University of Hertfordshire

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Modelling the dispersion of particle numbers in five European cities

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  • J. Kukkonen
  • M. Karl
  • M. P. Keuken
  • H. A. C. Denier van der Gon
  • B. R. Denby
  • Vikas Singh
  • J. Douros
  • A. Manders
  • Z. Samaras
  • N. Moussiopoulos
  • S. Jonkers
  • M. Aarnio
  • A. Karppinen
  • L. Kangas
  • S. Lützenkirchen
  • T. Petaja
  • I. Vouitsis
  • Ranjeet Sokhi
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Original languageEnglish
Pages (from-to)451–478
JournalGeoscientific Model Development
Publication statusPublished - 4 Feb 2016


We present an overview of the modelling of particle number concentrations (PNCs) in five major European cities, namely Helsinki, Oslo, London, Rotterdam, and Athens, in 2008. Novel emission inventories of particle numbers have been compiled both on urban and European scales. We used atmospheric dispersion modelling for PNCs in the five target cities and on a European scale, and evaluated the predicted results against available measured concentrations. In all the target cities, the concentrations of particle numbers (PNs) were mostly influenced by the emissions originating from local vehicular traffic. The influence of shipping and harbours was also significant for Helsinki, Oslo, Rotterdam, and Athens, but not for London. The influence of the aviation emissions in Athens was also notable. The regional background concentrations were clearly lower than the contributions originating from urban sources in Helsinki, Oslo, and Athens. The regional background was also lower than urban contributions in traffic environments in London, but higher or approximately equal to urban contributions in Rotterdam. It was numerically evaluated that the influence of coagulation and dry deposition on the predicted PNCs was substantial for the urban background in Oslo. The predicted and measured annual average PNCs in four cities agreed within approximately 26% (measured as fractional biases), except for one traffic station in London. This study indicates that it is feasible to model PNCs in major cities within a reasonable accuracy, although major challenges remain in the evaluation of both the emissions and atmospheric transformation of PNCs.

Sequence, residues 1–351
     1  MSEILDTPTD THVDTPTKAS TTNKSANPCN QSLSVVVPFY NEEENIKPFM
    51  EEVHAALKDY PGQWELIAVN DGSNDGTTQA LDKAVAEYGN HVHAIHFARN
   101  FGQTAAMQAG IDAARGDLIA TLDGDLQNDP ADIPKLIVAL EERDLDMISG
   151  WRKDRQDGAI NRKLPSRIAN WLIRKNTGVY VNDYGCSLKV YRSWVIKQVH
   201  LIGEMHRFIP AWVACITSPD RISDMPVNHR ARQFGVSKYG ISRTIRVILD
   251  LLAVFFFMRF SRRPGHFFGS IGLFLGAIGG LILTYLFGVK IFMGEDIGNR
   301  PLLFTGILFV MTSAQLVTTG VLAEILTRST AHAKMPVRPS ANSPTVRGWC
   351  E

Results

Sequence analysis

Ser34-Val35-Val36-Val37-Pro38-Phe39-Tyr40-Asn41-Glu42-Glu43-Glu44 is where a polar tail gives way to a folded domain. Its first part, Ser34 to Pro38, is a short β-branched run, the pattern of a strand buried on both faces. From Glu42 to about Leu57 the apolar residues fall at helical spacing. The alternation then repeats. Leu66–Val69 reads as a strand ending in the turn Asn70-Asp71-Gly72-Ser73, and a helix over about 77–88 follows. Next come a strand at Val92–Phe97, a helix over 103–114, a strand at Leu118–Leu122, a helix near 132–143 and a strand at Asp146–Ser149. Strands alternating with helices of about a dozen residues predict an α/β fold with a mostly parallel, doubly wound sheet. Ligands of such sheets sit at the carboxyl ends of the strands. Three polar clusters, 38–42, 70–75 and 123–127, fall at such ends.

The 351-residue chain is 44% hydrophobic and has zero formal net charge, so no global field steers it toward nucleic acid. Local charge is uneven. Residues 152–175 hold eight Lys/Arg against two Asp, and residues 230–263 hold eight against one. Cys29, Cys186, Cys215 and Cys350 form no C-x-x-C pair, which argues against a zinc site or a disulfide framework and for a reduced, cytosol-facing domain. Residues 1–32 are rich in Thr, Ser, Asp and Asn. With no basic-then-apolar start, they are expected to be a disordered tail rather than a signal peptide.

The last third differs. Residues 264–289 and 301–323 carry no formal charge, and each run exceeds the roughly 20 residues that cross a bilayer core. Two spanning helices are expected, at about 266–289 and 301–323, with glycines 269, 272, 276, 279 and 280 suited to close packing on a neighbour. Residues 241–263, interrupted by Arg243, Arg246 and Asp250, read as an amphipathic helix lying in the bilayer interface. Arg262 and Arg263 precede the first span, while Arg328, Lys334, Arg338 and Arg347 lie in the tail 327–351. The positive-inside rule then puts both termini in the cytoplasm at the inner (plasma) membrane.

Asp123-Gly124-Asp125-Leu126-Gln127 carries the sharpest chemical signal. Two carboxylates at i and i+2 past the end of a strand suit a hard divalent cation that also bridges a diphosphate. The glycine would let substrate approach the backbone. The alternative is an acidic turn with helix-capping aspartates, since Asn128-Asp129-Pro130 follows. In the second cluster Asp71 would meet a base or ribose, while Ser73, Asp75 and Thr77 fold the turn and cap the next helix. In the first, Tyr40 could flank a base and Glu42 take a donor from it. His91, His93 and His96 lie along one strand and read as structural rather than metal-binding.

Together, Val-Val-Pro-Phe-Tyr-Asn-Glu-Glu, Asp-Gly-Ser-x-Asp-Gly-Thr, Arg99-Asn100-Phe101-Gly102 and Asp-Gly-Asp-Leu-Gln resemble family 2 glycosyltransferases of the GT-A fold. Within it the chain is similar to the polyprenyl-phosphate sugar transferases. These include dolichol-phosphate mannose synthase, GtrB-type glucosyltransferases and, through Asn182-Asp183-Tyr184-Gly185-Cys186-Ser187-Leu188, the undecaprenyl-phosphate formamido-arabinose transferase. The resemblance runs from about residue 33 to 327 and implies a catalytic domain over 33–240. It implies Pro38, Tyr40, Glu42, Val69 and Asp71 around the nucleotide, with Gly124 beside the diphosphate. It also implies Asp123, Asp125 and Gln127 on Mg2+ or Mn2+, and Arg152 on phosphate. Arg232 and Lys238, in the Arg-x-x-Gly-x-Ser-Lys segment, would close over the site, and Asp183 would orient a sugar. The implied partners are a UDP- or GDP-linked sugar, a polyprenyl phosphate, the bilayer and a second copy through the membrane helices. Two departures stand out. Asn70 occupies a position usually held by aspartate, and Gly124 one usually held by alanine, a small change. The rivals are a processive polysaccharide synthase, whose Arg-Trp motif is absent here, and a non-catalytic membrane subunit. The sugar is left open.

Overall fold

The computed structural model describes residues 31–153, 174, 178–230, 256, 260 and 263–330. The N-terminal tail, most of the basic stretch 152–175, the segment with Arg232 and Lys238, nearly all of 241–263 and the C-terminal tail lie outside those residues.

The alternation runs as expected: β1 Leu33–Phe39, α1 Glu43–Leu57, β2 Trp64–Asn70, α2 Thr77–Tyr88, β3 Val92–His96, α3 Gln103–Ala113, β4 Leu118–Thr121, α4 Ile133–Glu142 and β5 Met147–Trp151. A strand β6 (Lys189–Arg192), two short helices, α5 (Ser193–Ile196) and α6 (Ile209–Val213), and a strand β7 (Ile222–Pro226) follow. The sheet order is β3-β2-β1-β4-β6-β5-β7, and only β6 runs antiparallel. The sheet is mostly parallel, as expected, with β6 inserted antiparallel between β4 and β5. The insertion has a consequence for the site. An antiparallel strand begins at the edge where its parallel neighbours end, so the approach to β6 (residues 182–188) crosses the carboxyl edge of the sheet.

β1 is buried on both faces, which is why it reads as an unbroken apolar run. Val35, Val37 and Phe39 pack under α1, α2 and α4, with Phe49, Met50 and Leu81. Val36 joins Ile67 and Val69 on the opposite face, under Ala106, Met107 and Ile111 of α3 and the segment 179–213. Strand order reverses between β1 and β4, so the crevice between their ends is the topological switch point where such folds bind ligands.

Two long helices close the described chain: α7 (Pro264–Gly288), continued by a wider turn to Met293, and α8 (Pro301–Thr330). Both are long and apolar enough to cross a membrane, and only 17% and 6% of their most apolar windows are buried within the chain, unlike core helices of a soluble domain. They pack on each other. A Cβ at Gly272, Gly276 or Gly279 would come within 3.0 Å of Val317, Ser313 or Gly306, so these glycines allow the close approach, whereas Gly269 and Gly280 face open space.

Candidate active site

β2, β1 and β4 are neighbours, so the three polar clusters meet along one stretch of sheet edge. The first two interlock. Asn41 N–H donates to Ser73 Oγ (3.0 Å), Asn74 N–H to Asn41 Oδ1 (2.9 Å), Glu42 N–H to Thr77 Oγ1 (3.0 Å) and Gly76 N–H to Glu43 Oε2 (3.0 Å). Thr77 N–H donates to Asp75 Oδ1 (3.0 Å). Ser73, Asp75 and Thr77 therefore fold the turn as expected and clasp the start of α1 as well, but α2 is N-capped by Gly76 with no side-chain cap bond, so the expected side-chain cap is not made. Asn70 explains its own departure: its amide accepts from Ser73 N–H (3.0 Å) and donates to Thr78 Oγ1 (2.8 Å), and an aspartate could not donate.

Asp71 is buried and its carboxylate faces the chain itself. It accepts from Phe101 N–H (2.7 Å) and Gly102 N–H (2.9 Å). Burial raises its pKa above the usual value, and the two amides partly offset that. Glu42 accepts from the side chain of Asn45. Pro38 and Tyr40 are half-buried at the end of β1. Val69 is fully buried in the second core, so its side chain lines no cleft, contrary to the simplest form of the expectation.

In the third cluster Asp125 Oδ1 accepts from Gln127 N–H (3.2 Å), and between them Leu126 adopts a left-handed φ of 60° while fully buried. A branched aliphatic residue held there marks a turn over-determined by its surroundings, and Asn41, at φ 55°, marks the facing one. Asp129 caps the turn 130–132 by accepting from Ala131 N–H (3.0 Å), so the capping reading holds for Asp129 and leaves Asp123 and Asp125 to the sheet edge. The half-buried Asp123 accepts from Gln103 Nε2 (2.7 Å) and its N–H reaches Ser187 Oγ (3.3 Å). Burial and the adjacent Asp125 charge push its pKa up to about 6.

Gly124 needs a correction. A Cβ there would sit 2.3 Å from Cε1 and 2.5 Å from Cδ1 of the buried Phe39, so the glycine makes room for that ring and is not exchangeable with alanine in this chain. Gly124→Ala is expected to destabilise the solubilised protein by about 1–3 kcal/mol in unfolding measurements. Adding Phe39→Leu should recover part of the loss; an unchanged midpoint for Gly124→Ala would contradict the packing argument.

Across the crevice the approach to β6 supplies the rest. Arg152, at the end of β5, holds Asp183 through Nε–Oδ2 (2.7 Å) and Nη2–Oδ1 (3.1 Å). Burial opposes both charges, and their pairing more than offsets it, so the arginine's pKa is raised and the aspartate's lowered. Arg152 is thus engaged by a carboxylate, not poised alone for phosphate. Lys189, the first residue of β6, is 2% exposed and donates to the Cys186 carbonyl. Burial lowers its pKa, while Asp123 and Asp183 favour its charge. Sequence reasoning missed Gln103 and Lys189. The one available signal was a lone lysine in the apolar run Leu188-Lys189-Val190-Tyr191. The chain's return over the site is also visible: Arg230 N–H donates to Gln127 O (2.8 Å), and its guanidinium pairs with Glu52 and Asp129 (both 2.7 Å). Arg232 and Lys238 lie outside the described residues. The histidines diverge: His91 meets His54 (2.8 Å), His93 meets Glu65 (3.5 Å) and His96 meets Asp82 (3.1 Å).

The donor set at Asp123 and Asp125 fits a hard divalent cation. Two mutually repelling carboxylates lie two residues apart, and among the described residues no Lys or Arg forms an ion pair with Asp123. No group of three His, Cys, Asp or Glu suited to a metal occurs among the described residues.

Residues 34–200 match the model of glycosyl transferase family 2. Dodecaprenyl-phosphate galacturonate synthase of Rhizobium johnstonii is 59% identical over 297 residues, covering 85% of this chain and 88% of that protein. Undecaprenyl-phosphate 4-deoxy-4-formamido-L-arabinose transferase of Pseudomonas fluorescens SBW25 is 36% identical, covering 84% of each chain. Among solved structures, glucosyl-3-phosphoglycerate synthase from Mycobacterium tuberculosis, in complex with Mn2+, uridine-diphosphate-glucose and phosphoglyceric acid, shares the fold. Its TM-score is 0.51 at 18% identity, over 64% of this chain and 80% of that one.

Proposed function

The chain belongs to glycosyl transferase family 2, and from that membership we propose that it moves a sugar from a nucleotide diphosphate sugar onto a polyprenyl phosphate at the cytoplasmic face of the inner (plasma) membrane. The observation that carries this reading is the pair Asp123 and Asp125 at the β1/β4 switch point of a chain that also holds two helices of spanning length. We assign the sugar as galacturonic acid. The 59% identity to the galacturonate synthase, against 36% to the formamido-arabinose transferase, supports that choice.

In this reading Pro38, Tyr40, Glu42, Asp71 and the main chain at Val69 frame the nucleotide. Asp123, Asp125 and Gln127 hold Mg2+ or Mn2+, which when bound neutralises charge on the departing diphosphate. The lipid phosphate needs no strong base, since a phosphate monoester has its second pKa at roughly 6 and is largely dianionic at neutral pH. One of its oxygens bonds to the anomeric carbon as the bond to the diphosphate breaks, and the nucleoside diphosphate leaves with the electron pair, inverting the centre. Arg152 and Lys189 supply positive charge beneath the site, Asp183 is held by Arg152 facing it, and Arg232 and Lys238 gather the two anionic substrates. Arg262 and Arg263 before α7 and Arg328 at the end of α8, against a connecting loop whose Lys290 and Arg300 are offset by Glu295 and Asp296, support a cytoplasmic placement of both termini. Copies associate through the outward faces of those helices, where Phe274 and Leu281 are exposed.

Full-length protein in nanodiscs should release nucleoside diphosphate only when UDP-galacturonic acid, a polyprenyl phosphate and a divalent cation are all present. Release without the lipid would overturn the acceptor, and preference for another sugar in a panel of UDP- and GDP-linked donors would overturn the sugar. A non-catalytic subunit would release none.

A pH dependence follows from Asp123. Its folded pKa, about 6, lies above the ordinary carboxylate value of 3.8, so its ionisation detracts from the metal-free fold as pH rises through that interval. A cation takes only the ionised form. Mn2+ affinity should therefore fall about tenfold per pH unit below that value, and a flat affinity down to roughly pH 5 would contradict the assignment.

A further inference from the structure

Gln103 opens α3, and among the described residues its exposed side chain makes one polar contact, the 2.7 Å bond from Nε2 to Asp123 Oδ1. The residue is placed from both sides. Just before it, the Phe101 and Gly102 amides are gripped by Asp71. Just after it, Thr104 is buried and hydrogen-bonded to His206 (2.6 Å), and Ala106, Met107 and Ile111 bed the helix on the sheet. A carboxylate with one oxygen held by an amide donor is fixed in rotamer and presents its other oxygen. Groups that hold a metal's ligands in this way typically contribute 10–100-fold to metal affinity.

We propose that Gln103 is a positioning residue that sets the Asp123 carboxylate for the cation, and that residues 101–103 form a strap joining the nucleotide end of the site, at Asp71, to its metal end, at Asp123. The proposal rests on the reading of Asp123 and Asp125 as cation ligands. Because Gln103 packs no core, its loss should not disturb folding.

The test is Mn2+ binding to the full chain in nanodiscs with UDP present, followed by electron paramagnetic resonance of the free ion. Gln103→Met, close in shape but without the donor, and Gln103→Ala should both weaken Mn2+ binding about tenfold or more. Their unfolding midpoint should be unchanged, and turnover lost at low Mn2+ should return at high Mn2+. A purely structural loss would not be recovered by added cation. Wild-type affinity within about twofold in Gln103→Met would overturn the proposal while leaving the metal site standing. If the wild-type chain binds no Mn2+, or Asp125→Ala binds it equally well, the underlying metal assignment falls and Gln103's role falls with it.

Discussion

This is an Open Access article distributed under the terms of the CC Attribution 3.0 license. Published by Copernicus Publications on behalf of the European Geosciences Union.

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